Health Defence Blog
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Health Defence Scotland

November 21, 2019

Chatty Coffee Corners, Connections and Chest Heart and Stroke Scotland.

Chatty Coffee Corners, Connections and Chest Heart & Stroke Scotland

Have you ever felt lonely?

Have you ever been in a busy, crowded room that felt full of life and energy but still felt alone? Loneliness is a deeply personal experience and is described differently by different people. Over 9 million people in the UK – almost a fifth of the population – say they are always or often lonely, but almost two-thirds feel uncomfortable admitting it. Loneliness can affect anyone, at all ages and stages of life. It can affect our wellbeing, how we feel and how we cope with everyday life.

Loneliness and wellbeing

As we go through life, things may happen which can lead to feelings of loneliness. For example, the breakdown of a relationship , changing jobs, moving to a new area or experiencing ill health, such as a long-term chest, heart or stroke condition.

 

Loneliness affects people in different ways and can cause changes in your behaviour. For example, what you choose to eat or drink, how you think or feel, how well you sleep or how you connect with others. It can also lead to an increase in stress which has been linked to heart disease and stroke.

If we are able to reduce our feelings of loneliness and work through these difficult emotions, this can help us live a healthier, happier life. More information can be found in our Essential Guide to Mental Wellbeing.

What we choose to eat and drink can also affect our mood. Ask the Health Defence team for a copy of our Essential Guide to Healthy Eating. Choosing to eat regular meals can help manage our mood. Try to stay hydrated and drink 6–8 glasses of fluid per day. Being active and joining a group such as a health walk is a great way to connect with people and improve your health and wellbeing.

How can Health Defence help reduce loneliness?

Health Defence Scotland is helping live healthier lives. By working with local groups in the community, we can work together to build connections, and tackle isolation and loneliness.

At our free Health Defence health checks we can work through questions together which help to spot loneliness and talk about ways to help.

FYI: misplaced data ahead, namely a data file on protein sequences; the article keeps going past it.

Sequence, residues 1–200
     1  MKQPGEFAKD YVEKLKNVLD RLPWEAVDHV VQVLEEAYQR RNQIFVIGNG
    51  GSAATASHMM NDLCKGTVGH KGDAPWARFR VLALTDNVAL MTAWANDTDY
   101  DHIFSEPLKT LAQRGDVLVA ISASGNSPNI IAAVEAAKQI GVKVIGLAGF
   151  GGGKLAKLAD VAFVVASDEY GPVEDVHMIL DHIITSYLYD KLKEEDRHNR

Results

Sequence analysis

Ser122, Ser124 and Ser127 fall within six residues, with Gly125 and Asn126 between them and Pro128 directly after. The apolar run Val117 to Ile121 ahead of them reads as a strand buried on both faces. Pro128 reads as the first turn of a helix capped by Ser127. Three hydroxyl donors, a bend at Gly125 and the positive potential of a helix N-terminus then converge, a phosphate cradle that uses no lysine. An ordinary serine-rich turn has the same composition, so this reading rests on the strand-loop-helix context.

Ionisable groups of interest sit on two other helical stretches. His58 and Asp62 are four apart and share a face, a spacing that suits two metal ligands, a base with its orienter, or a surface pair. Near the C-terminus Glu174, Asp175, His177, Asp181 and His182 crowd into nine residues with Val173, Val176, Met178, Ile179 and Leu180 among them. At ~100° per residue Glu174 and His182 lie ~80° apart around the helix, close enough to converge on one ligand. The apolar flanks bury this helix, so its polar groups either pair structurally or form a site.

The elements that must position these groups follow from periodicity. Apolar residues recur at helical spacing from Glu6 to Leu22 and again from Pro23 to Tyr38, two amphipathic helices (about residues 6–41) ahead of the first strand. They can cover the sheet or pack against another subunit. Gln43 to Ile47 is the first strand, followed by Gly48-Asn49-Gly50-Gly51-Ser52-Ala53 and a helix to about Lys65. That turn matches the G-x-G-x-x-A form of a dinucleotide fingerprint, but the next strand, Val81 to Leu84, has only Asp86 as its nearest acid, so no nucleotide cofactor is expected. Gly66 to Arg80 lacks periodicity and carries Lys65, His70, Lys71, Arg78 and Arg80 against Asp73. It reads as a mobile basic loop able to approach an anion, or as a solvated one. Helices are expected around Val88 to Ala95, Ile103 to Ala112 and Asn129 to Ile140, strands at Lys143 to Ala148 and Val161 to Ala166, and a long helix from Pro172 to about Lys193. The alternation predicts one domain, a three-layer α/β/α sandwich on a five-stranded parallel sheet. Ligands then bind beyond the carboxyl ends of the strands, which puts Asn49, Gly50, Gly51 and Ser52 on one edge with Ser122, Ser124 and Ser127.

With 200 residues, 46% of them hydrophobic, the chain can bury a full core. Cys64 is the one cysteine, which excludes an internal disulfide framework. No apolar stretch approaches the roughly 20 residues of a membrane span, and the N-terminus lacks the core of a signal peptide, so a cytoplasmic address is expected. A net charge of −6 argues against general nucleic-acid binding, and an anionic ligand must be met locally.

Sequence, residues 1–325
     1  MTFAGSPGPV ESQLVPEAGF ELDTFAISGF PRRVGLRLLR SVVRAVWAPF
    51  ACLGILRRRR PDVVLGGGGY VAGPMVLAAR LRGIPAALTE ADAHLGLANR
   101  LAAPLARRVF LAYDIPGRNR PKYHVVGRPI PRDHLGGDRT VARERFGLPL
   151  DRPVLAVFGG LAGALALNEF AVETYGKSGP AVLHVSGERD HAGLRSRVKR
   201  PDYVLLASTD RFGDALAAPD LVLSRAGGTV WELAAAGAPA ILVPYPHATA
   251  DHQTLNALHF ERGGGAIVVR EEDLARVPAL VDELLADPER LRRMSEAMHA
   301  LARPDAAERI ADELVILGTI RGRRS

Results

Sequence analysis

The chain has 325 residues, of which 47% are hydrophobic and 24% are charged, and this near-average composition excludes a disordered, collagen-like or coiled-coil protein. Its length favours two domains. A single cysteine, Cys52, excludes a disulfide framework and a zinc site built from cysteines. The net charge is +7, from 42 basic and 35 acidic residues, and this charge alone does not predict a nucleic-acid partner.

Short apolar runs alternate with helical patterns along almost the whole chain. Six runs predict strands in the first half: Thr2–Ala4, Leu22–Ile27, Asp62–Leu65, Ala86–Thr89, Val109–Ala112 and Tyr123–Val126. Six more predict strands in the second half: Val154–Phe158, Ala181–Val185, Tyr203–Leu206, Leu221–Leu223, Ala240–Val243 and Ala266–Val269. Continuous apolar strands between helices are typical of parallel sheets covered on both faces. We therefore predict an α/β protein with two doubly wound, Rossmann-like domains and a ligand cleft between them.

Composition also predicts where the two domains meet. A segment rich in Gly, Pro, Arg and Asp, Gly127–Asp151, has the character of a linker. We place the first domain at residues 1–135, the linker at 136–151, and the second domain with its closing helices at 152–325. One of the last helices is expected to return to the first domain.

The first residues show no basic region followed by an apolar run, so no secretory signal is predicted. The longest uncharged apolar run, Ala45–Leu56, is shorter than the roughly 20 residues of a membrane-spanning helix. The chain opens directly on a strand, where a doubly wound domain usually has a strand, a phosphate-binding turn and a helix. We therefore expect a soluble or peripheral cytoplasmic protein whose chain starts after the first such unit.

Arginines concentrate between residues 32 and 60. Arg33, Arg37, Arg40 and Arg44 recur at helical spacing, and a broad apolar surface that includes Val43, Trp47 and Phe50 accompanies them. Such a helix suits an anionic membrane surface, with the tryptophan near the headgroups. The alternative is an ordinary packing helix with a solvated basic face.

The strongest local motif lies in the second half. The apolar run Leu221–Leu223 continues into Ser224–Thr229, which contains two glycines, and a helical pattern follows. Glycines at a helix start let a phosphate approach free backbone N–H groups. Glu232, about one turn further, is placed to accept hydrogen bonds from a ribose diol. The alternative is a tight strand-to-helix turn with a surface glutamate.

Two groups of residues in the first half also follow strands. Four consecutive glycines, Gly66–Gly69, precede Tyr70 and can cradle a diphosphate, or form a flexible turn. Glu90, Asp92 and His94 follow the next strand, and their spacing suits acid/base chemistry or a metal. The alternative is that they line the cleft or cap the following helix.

Coffee corners

Have you ever visited one of our Community Hubs? They are at the heart of the community and each one has a friendly coffee corner. You can help yourself to a free hot drink, take time to sit and chat and meet others. We are part of the national Chatty Café Scheme.

If you have had a stroke, you might have a condition called aphasia that can make it harder to communicate. You may find it difficult to speak, understand other people, read or write. Staff within our Community Hubs have received training on aphasia which helps the Hubs to be ‘aphasia friendly’. 

At Chest Heart & Stroke Scotland and Health Defence we believe you should never underestimate the power of a cup of tea. The informal connections and friendly chats in our coffee corner all help to make a difference.

Sometimes just being around people or finding a new interest or hobby helps with loneliness. Within our Community Hubs, we also have free groups and classes that run every week. Drop into one of our Hubs to find out what’s on.

Volunteering

Volunteering allows us to give our time back and make a difference whilst feeling connected to others. Volunteering has many positives. Research has shown volunteering reduces feelings of isolation and loneliness. It can help us to create new friendships, improve our mental wellbeing and improve our self-esteem.

I’m scared to admit that I feel lonely

If you have been feeling lonely for a long time, you might not have told anyone and it can be scary to open up to someone for the first time. You might know lots of people but still have feelings of loneliness. Speaking to someone you trust, for example, a friend, family member or your doctor, can be an important first step to feeling better.

You can also speak to our Advice Line nurses for free, confidential support and advice. Call: 0808 801 0899 (Mon-Fri 9.30am-4pm), text: NURSE to 66777 or email: adviceline@chss.org.uk. Our Advice Line nurses can also tell you about peer support groups that might be available in your area.

Happy, healthy and connected

By working together we can reduce feelings of loneliness. Health Defence Scotland is playing a part in helping us to stay happy, healthy and connected. Together this will help us and others lead healthier lives.

   

 

Written by Joanna Teece. Registered Dietitian. Health Defence Lead.

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***Disclaimer: always seek medical advice before starting a new diet, exercise regime or medication. The information in these articles is not a substitute for professional advice from a GP, registered dietitian or other health practitioner.

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